The Underground Girls of Kabul

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The Underground Girls of Kabul
The Underground Girls of Kabul.jpg
AuthorJenny Nordberg
SubjectBacha posh
Published2014
Pages350 pp.
Awards
ISBN0-307-95249-5
OCLC851420427
Websitehttp://theundergroundgirlsofkabul.com/

The Underground Girls of Kabul: in Search of a Hidden Resistance in Afghanistan is a book by Jenny Nordberg that documents the bacha posh of Afghanistan. Bacha posh translates from Dari as "dressed up like a boy." It is a term used in Afghanistan and in this book to describe children who are born as girls but are dressed up, raised and treated as if they were boys. The girls will usually serve as a son for the family until she hits puberty. However, the book also delves deeper into those bacha posh that remain boys even after puberty. [3][4] It is written by journalist and foreign correspondent Jenny Nordberg and was published on 16 September 2014. It was later released on 30 September in the UK.[5]

Synopsis[edit]

The book follows the stories of many women who are or who have been bacha posh. It also offers the insight of mothers considering bacha posh for her newborn daughters. Some families who have only a daughter or multiple daughters will designate their children as sons instead. The communities in which they live are often tolerant of this for the span of their childhood.[6]

The experiences of these individuals give personal accounts of how some women handle the treatment of girls in modern day Afghanistan. There is tremendous importance placed on being male or having male children.[3] To grow up as a boy instead of as a girl in Afghanistan offers the child freedom and autonomy that young girls do not have access to. Oftentimes the mother is judged as well for not bearing a son.[7]

Characters[edit]

Azita is a middle class mother of four daughters. Her fourth daughter, Mehran, is to become a bacha posh. She buys her clothing and a haircut to fit her new identity as a six-year-old boy. Azita wants to give Mehran the freedom to play sports, open communication, and activities that young boys can enjoy.[3][4][8] Additionally, Azita herself was a bacha posh as a young girl, which allows her a deeper insight into their plight within Afghanistan.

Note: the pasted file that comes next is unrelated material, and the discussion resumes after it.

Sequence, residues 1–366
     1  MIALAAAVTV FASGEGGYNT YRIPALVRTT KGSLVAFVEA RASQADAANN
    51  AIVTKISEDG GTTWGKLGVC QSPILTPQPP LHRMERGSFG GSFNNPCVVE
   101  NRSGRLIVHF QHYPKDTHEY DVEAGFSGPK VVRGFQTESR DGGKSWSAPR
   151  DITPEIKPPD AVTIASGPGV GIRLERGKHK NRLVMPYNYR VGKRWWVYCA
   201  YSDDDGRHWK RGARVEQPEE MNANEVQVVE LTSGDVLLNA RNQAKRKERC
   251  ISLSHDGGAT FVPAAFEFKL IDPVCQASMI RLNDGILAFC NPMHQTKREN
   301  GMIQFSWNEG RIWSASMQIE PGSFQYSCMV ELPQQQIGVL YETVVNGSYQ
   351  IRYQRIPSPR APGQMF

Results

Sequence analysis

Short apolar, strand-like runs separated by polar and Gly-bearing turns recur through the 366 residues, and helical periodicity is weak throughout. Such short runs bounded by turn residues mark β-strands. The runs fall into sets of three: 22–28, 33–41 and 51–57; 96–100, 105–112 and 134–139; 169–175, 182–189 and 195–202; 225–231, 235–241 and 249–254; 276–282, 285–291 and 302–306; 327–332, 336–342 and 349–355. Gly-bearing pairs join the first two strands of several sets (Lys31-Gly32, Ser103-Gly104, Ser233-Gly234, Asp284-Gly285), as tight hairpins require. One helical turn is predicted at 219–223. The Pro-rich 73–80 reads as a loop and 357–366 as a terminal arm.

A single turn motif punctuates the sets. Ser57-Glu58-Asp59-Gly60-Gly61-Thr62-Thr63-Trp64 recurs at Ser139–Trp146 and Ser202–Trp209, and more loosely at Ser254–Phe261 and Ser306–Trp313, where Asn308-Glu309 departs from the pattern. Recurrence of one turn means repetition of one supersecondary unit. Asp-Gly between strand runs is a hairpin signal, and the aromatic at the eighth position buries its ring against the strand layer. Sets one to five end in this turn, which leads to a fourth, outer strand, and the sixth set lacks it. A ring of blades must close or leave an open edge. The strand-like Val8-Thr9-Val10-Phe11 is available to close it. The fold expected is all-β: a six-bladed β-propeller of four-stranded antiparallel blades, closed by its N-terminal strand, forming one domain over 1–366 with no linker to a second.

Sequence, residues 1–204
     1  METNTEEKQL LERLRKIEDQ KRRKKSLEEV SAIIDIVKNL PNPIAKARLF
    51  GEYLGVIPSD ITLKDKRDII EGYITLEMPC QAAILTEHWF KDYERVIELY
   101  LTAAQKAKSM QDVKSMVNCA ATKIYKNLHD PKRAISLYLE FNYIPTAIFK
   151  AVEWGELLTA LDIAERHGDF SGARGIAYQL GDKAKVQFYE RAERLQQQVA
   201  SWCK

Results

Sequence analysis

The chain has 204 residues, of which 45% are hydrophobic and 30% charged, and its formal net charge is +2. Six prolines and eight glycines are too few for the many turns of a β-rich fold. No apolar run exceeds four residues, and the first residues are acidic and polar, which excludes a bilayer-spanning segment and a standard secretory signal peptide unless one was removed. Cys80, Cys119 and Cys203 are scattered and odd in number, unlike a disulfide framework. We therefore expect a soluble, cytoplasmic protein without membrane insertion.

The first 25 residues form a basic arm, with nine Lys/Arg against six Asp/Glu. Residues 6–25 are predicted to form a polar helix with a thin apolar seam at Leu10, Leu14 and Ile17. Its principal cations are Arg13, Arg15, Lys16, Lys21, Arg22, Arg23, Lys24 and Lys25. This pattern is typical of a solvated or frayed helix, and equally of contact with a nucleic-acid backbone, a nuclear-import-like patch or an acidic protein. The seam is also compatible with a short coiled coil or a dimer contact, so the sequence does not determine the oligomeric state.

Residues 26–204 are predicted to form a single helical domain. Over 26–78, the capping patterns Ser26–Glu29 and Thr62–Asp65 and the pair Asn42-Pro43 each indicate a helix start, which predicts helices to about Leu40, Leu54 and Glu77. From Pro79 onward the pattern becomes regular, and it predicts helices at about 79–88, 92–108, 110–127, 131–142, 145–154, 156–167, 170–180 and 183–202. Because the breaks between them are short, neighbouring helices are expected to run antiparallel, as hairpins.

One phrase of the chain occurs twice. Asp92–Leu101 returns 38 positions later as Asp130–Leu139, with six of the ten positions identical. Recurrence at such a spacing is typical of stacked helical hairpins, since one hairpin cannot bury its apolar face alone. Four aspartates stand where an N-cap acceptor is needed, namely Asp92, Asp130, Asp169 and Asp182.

Zahra is a teenage bacha posh. She does not enjoy the treatment of Afghan women and wishes to remain a boy. She defies her parents’ attempt to transition her into womanhood. Zahra wants to hold onto the freedoms she is given as a boy, and wishes to work and support herself without marriage or a family.[4]

References[edit]

  1. ^ Cite error: The named reference :1 was invoked but never defined (see the help page).
  2. ^ Cite error: The named reference :2 was invoked but never defined (see the help page).
  3. ^ a b c Nordberg, Jenny. "Bacha Posh". Bacha Posh. Little Digital Co.
  4. ^ a b c Nordberg, Jenny (2014). The Underground Girls of Kabul: in Search of a Hidden Resistance in Afghanistan (First edition. ed.). Random House Inc.
  5. ^ Nordberg, Jenny. "The Underground Girls of Kabul". The Underground Girls of Kabul. Little Digital Co.
  6. ^ Newcomb, Rachel (19 September 2014). "Book review: 'The Underground Girls of Kabul,' by Jenny Nordberg". The Washington Post.
  7. ^ Sethi, Anita. "The Underground Girls of Kabul: The Hidden Lives of Afghan Girls Disguised As Boys by Jenny Nordberg". The Observer. The Guardian.
  8. ^ Nordberg, Jenny. "The Underground Girls of Kabul". NPR Books. NPR.